Indiana Producer Receives Inaugural Pig Farmer of the Year Award


For decades, Indiana farmer Keith Schoettmer has brought home the bacon – literally. He and his wife have raised pigs on their family farm since 1987 and have steadily grown the operation to its current size of 22,000 pigs annually. Now, Schoettmer is bringing home top honors after being named the first-ever America’s Pig Farmer of the Year by the National Pork Board.

“We are pleased to have Keith represent America's pig farmers, and we look forward to the dialog he will create as he travels around the country," says Derrick Sleezer, National Pork Board president and pig farmer from Cherokee, Iowa. “It's important that we connect with today's consumers about how we raise their food in an ethical and transparent way. Keith's interest in sharing his farm's story – and putting a face on today's pig farming – will help us reach this goal.”

Schoettmer says he’s honored to have been selected, but credits others in his operation for sharing in the hard work and successes.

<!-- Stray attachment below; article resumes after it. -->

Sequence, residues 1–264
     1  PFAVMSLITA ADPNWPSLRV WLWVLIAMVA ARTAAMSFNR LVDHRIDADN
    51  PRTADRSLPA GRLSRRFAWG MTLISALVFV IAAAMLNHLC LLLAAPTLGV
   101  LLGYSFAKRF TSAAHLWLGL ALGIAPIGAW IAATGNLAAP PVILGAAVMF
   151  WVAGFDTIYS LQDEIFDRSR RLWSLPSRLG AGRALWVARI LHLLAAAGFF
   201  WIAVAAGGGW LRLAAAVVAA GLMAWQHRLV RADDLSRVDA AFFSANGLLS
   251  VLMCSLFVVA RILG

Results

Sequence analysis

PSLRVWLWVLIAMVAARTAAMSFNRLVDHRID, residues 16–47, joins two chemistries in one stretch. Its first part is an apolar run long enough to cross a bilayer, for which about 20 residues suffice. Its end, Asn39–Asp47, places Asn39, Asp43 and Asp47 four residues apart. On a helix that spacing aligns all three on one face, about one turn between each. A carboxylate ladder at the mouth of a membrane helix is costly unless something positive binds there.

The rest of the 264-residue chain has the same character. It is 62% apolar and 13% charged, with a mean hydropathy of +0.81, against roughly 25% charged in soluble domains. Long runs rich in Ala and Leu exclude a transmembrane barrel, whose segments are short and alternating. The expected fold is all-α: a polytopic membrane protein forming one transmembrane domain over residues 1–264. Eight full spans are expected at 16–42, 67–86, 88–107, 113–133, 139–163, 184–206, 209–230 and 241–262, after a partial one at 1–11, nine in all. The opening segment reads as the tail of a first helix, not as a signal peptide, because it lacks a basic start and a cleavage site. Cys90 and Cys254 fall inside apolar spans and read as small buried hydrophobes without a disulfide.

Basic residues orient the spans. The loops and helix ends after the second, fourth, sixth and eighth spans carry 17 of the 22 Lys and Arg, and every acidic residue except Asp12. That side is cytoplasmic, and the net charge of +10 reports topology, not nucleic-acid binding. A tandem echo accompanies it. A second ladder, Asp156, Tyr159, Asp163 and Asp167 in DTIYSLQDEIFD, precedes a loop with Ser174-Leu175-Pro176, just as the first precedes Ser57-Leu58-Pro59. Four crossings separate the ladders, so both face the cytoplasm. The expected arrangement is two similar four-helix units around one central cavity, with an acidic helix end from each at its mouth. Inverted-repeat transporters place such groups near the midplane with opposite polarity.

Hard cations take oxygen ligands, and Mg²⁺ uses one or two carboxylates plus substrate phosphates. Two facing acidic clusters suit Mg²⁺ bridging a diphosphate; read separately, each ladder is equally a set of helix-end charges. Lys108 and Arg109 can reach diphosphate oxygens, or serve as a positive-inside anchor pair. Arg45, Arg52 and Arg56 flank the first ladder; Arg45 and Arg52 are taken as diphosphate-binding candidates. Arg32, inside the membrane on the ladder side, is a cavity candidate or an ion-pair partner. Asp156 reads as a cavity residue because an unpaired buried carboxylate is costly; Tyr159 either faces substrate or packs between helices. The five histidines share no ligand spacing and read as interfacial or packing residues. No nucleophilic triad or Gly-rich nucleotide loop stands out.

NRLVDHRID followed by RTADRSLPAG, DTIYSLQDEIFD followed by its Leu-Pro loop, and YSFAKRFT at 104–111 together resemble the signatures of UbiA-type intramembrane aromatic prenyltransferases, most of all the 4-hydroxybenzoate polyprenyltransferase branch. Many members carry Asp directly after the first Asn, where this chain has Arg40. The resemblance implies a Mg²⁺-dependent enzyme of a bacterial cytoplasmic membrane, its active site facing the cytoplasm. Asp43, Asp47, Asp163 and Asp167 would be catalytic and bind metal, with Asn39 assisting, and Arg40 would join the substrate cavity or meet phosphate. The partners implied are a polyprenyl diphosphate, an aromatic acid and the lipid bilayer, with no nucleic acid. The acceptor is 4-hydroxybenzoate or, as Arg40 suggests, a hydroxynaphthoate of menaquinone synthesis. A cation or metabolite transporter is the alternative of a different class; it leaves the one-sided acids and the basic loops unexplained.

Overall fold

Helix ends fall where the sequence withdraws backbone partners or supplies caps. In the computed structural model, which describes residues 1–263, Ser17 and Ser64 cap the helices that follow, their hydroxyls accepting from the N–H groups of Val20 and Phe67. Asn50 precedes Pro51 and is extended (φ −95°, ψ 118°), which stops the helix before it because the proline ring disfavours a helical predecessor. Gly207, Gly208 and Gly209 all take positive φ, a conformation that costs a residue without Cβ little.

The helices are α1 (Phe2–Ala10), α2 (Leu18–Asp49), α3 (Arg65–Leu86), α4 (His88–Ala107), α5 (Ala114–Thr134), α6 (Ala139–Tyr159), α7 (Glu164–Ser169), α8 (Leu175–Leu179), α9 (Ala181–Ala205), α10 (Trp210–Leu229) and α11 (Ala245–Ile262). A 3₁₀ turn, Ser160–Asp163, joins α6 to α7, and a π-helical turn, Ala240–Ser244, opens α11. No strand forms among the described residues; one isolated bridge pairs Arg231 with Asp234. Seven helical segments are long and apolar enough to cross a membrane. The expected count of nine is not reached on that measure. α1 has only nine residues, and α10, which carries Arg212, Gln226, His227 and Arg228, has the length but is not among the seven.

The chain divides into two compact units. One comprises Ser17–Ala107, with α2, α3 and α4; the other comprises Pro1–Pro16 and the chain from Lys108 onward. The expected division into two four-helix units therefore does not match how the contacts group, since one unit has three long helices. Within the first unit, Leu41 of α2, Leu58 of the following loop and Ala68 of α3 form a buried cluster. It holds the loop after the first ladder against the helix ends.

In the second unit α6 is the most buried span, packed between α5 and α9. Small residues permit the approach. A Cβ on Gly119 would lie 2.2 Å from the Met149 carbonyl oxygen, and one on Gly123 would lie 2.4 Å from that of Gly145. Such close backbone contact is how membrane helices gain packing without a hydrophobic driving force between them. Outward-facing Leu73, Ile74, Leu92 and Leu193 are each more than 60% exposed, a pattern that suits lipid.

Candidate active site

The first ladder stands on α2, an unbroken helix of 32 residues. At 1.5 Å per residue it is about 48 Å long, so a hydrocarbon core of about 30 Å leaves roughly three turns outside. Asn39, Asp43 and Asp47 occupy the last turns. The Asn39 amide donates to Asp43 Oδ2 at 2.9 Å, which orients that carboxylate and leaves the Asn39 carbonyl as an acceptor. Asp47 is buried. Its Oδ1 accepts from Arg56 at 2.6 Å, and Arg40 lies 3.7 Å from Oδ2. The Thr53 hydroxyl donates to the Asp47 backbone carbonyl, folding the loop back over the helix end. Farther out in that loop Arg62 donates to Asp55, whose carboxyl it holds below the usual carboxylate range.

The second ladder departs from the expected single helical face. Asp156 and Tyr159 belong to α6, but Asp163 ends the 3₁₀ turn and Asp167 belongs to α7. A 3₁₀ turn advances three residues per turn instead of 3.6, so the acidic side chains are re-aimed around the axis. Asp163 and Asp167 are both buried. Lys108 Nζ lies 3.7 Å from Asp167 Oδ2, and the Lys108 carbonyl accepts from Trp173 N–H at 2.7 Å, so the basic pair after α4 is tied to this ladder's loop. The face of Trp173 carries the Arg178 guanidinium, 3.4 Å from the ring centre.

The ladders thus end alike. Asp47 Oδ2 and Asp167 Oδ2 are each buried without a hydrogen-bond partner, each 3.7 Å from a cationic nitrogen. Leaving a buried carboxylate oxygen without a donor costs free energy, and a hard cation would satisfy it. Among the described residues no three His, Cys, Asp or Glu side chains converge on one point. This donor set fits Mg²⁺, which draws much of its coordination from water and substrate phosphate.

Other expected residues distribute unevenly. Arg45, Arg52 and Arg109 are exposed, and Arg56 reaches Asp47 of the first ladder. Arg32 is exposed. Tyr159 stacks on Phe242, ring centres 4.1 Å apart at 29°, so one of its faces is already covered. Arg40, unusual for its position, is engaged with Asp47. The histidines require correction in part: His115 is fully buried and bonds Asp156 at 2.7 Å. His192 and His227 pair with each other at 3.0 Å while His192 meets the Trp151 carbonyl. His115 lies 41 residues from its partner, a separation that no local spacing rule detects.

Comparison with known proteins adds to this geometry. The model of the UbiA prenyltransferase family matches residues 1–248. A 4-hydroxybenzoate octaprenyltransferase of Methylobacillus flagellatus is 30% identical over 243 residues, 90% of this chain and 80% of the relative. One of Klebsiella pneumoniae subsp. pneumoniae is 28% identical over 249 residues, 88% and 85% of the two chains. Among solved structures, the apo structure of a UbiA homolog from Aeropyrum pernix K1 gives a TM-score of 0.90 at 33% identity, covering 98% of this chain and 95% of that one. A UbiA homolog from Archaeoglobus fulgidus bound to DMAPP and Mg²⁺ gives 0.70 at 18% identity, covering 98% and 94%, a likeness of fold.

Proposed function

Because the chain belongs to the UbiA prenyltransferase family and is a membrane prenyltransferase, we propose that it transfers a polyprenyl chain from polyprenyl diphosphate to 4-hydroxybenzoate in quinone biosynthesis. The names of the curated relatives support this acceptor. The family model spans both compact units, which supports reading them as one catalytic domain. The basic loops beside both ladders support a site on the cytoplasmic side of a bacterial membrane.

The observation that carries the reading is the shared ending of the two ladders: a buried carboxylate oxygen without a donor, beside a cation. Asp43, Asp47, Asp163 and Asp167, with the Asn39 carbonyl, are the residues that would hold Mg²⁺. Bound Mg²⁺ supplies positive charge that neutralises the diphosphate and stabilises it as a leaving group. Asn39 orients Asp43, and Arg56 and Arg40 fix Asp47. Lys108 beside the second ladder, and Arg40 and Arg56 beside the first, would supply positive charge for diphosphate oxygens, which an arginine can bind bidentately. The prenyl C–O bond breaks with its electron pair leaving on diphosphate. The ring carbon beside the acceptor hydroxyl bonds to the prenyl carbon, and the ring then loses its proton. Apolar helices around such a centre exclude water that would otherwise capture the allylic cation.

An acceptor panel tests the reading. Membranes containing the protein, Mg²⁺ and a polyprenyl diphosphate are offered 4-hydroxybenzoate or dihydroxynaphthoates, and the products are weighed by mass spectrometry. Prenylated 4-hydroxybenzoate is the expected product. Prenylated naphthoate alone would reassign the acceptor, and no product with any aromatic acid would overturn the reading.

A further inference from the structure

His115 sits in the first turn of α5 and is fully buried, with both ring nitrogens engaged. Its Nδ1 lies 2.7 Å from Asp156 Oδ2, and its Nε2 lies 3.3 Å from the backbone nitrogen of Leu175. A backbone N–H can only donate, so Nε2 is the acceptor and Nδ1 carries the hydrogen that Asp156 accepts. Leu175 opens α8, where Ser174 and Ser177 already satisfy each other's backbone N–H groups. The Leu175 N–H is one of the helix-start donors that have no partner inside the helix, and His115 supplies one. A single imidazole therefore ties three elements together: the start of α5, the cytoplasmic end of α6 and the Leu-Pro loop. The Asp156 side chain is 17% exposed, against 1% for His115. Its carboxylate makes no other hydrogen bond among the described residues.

“I couldn’t do what I do without the help of family and employees, so this award signifies a collective recognition of what we do every day on the farm to care for our pigs, our people and the planet.”

The award’s grueling process included a third-party audit of farm practices and multiple written and oral interviews by various subject-matter experts. Four finalists were selected and endured another round of interviews by a panel of expert judges.

“Today, more than ever, it is important not only to point out where progress is needed, but to recognize when we get it right,” says Robin Ganzert, president and CEO of the American humane Association and one of the judges. “The farmers I met with are working to give America’s families food that is safe, affordable, abundant and in line with their values.”

Schoettmer says employee training and community involvement are paramount to his operation. He offers employee training and educational resources, and offers several internships each year. He also encourages farm tours and welcomes visitors.

“We open our doors regularly to the public, with biosecurity always in mind, of course,” he says. “Consumers need to know that pig farmers are the ultimate animal welfare professionals.”

To learn more about Schoetter’s operation, visit

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